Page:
4. Why do you think stories about magic remain popular? Which of the characters’ affinities would you most like to have? Which is the most useful? The most dangerous? The most powerful?
5. When Harte says, “‘Nothing about my affinity has made me happy,’” do you understand what he means? In contrast, Jianyu allows himself “to relax into the comfort of his magic.” How do you think the other characters feel? Are they happy to have affinities, or are they burdened by them? Do they think it comes with a sense of duty and responsibility?
6. Talk about the parallels between this world’s fear and prejudice against the Mageus, and the modern-day discussion about immigration in America. Why do you think people fear and hate those who are different? How might you talk to them about their views?
7. What changed for the Mageus after the Defense Against Magic Act was passed? Do you understand why people who had been living quietly in hiding would now want to challenge the Order? What would you do if you were in their place?
8. Viola “believed that duty to family was more important than her own soul.” What causes her to change her mind? Compare Viola’s thoughts about family to Jack’s when he thinks, “There was a safety in fealty that he had failed to understand and freedom in the constraints of family duty that he had not appreciated as a boy.” Discuss the complicated feelings they both have about their families. Do these feelings impact their actions?
9. Discuss the other family situations in the book. Think about Harte and his mother, Ruth and Maggie, Cela and Abel, and Jianyu and his parents. How many of them feel like they don’t belong with their families? What kind of role do their pasts play in their current motivations?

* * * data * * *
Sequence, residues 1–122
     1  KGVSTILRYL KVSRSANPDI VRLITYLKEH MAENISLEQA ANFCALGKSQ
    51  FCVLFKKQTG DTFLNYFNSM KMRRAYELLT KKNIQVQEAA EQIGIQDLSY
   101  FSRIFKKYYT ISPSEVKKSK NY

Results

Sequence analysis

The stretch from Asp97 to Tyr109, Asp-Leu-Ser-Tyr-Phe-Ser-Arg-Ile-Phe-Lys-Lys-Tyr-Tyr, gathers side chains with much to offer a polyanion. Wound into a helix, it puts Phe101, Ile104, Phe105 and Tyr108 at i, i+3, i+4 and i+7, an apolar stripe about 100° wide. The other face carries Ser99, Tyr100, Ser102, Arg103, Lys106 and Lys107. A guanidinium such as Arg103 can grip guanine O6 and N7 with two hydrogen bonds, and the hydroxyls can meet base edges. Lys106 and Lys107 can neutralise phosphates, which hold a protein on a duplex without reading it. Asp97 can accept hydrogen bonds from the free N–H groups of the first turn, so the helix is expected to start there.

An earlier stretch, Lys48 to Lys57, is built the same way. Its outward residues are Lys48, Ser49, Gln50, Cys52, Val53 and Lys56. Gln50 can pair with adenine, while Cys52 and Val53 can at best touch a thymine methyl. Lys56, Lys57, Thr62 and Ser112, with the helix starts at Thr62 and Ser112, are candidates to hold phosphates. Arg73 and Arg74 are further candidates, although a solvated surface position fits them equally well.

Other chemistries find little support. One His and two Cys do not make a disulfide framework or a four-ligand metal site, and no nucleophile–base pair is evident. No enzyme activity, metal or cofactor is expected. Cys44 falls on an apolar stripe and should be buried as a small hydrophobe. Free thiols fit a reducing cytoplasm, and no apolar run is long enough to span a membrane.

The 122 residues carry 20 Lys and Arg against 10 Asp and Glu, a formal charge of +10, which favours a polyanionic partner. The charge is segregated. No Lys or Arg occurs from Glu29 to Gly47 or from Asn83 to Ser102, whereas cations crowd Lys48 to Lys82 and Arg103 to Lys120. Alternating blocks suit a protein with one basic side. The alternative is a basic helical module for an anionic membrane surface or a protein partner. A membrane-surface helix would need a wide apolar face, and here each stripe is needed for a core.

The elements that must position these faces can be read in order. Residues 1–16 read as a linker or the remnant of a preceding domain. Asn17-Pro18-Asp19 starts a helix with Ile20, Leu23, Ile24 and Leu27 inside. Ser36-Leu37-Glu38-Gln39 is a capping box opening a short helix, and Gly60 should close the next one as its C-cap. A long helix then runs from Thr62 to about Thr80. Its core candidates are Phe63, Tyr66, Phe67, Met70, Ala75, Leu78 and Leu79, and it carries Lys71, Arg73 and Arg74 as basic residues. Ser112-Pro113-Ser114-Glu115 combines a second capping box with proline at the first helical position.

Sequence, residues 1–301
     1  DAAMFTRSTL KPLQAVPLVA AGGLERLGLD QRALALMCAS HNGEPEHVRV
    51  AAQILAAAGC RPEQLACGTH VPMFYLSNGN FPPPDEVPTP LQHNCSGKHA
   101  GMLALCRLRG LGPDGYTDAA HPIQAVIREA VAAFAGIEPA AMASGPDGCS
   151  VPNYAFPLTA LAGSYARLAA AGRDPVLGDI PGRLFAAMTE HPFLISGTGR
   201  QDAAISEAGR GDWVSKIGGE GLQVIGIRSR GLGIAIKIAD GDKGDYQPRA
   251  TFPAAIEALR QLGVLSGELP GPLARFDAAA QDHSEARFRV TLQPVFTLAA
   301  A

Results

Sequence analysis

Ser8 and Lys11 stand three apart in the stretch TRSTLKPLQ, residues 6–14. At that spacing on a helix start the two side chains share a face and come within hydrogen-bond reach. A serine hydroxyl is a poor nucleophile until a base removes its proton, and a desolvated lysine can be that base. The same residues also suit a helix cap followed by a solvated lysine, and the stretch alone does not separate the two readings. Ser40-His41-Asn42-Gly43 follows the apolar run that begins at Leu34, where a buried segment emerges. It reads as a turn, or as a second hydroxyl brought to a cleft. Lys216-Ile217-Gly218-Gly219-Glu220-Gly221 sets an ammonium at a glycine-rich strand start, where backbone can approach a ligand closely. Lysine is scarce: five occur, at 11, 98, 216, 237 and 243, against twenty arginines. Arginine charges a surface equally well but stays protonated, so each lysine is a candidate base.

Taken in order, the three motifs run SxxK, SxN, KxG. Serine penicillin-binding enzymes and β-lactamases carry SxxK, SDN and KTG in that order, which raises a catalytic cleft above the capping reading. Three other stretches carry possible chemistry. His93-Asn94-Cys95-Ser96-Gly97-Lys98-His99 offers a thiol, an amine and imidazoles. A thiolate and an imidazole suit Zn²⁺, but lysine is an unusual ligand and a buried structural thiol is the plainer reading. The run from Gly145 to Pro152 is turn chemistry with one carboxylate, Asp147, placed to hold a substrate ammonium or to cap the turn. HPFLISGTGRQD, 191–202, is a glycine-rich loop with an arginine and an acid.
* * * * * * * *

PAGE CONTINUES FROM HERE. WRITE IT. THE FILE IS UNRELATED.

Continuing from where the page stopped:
10. “Never Enough” is the title of one of the St. Louis chapters. Talk about the many ways this phrase applies to the characters.
11. To the Antistasi, the Devil’s Thief is a symbol to rally behind. Discuss the idea of “propaganda of the deed”—taking actions that will serve as an example for others and as a catalyst for change. Do you believe this works? Can you think of examples from the real world? Do you believe the Antistasi’s motives are pure, or that they all want to “stand above the rest with power of their own,” as Ruth thinks?
12. Why do you think the author chose to use alternate points of view? Why is it important for this story to be told by multiple narrators? Did you like this technique? Explain your answer. Talk about how the story might have read if Esta was the only narrator.
13. Esta wants to kill Jack after he finds her and Harte at the train station, but Harte disagrees, saying, “‘If you kill him in cold blood, it will change you.’” Which philosophy do you think is right? Does the act of killing someone change the killer? If so, how? Do you think this applies to Viola, who can so easily stop someone’s heart? Is it a strength or a weakness to show restraint, even against someone who has done evil things?
14. Esta has “trained her whole life to be a weapon.” Viola’s brother considers Viola to be his weapon, and Ruth uses Maggie in much the same way. What might have led these female characters to feel as if they needed to become weapons? How does Viola feel about her brother? How does Maggie feel about Ruth?
15. Nibsy thinks, “Humans were no more than animals, driven by their hungers and fears. Easily manipulated. Predictable.” Do you agree with him? What scenes do you see in the book that prove or disprove his thinking?
16. Nibsy’s notebook shows him his future. Esta, too, knows something of the future and that she has “little hope of walking out of this alive.” Discuss the impact of knowing your future. If you had the chance, would you want to know yours? Would this knowledge make you braver or more fearful?